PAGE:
Today will go down in college football history, and the narrative will not be kind to Tennessee fans following a social-media frenzy that included state legislators, prominent boosters, former players and some media members who demanded the university not hire Ohio State defensive coordinator Greg Schiano as UT’s next head coach.
Don’t let that deter what happened. People don’t always view doing the right thing in the best way. It still doesn’t make it less right.
Look, it’s important that we get this out of the way up front: I sincerely hope that Schiano didn’t know anything about incarcerated serial-rapist Jerry Sandusky during his time as a Penn State assistant. But the bottom line is that Schiano’s name — for better or worse — was associated with the allegations. By now, you’ve read about the details.
I hope Schiano is a good man, a good father, a good leader of men, though his time in the NFL and myriad stories about different situations don’t really back up the latter. That doesn’t mean he’s a molestation enabler. Maybe he didn’t know anything at all, ever. Maybe he did.
There’s a gray area in there Tennessee administrators should not have been comfortable with, and that gray area is why the uproar ensued Sunday.
I believe Sunday’s revolt happened for the right reasons. Many national media members chose to run with the narrative that Tennessee fans were unhappy with Schiano’s football coaching acumen, and that’s the reason for the “faux outrage.” Are there some in that category? Absolutely. But the vast majority rebelled against the hire because of morality issues they simply couldn’t reconcile.
As a Tennessee fan, as a writer who covers the Vols, as a graduate of the school, as a father, as a man who tries to live with integrity, I cannot justify my football program operating in the Wilderness of Maybe. I’d rather lose for the next 10 years with somebody I can rally behind rather than have to worry about whether the person leading my team knew about one of the most heinous episodes in the history of sports and did nothing about it.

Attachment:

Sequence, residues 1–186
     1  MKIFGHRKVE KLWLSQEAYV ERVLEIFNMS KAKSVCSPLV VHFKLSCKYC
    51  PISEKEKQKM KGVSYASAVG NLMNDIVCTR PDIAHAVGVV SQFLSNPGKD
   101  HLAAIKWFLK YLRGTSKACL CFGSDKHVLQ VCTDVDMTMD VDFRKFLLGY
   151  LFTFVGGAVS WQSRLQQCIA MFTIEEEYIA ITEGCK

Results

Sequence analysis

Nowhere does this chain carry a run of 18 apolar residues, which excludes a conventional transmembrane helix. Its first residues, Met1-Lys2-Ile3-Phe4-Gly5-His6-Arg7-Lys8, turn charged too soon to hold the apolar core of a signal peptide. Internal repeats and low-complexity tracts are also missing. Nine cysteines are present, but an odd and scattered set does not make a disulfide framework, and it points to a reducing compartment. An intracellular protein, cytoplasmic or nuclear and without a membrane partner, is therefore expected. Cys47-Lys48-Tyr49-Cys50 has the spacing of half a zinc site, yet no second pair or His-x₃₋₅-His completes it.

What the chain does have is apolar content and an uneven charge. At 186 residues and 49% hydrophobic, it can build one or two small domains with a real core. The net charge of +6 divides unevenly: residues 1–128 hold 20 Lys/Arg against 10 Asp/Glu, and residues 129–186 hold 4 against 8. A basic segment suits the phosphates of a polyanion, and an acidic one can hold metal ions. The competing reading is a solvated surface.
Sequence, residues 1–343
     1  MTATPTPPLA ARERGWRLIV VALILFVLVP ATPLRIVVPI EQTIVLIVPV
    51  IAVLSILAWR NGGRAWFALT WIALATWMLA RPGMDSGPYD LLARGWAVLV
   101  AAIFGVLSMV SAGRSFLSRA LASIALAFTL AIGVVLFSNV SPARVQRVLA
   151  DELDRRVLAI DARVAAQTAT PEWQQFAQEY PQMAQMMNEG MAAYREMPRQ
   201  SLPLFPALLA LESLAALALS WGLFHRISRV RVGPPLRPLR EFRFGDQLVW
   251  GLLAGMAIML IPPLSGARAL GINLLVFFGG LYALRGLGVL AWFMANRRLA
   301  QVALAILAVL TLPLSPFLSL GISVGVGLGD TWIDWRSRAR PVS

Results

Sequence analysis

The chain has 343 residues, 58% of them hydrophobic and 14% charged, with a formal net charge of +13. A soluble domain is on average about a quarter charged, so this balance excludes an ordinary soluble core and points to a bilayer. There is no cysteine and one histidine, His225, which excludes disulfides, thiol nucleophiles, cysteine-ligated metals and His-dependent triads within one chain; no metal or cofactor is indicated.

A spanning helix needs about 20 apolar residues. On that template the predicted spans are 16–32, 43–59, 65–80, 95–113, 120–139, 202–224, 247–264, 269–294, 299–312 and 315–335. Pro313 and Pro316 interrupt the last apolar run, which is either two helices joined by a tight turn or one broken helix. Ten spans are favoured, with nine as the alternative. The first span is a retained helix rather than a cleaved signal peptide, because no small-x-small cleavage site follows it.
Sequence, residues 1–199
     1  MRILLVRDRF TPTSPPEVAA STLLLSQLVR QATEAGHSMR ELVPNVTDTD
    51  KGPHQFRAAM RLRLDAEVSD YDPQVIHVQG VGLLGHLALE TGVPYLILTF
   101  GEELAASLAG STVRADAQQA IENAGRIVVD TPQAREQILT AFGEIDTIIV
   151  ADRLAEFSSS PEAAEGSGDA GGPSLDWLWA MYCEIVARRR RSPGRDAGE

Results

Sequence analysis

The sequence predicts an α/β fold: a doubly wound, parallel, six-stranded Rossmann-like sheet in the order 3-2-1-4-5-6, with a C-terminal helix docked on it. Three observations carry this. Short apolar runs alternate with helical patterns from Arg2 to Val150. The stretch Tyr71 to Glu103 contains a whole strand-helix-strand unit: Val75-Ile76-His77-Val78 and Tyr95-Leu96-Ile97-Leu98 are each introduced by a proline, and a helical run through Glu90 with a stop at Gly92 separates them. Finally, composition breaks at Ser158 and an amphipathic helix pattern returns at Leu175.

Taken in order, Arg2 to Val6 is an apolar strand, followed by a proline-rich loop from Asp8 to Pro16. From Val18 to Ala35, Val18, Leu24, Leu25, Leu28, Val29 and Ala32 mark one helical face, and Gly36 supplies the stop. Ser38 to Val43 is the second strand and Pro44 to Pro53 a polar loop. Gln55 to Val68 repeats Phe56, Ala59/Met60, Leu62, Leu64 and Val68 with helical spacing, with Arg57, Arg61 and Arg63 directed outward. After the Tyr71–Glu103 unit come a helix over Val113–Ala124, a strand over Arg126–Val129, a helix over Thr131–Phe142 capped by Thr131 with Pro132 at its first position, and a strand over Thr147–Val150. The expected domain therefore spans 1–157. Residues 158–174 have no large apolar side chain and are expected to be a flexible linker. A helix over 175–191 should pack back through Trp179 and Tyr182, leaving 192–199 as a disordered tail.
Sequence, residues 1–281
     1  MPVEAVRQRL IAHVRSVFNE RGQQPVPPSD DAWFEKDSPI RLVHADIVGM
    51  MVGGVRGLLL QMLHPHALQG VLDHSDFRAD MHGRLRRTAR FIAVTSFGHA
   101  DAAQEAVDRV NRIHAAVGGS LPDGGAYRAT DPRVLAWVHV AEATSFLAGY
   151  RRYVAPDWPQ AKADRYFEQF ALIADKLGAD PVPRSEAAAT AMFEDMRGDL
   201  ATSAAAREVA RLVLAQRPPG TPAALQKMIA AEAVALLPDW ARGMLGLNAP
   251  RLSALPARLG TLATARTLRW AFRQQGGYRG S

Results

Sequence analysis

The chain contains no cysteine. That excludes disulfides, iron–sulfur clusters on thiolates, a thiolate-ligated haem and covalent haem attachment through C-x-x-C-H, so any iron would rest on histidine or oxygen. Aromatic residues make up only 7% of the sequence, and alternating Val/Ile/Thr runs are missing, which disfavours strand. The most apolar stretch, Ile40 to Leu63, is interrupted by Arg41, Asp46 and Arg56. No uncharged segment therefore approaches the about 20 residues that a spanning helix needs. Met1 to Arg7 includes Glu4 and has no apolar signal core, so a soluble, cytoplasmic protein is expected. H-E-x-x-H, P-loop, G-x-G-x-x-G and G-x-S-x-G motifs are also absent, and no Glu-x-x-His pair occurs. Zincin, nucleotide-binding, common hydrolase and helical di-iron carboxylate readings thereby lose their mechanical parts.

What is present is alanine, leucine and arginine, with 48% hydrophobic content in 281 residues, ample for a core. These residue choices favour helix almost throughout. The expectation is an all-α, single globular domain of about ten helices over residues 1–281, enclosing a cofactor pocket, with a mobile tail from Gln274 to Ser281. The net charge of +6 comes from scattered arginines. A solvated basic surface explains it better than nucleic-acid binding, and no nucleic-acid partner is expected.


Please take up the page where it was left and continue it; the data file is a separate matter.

When there is literally an endless pool of candidates out there, to even wade into that deep end on the heels of a Title IX lawsuit and in the wake of all the Butch Jones atrocities that pale in comparison to anything associated with Penn State, it’s a tone-deaf decision for athletic director John Currie to go this route.
That’s why Vols fans everywhere had to unite and cry out for this to be rescinded. If it winds up costing Tennessee buyout money, so be it. It should come from Currie’s paycheck first and mega-booster Jim Haslam’s pocket second. If it winds up costing Tennessee wins, well, it is still the right decision. If it winds up costing Tennessee face in the public eye, this administration and athletic department have been public relations debacles for years; why should this be any different?
Could Sunday’s unprecedented outcry make this a more difficult hire for Tennessee now that Schiano is off the table? Absolutely it could. But if that’s the case, blame Currie; don’t blame a fan base that has had enough of poor on-the-field decisions, even poorer off-the-field decisions and didn’t want to pin its hopes of a program teetering on the brink of extinction on someone you’d be afraid to send your son to play for.